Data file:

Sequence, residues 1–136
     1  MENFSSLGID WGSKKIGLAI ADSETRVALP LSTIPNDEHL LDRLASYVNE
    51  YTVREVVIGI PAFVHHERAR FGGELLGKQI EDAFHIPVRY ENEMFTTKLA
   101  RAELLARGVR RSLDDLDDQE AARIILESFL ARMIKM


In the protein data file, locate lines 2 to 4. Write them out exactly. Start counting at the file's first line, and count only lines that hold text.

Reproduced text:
     1  MENFSSLGID WGSKKIGLAI ADSETRVALP LSTIPNDEHL LDRLASYVNE
    51  YTVREVVIGI PAFVHHERAR FGGELLGKQI EDAFHIPVRY ENEMFTTKLA
   101  RAELLARGVR RSLDDLDDQE AARIILESFL ARMIKM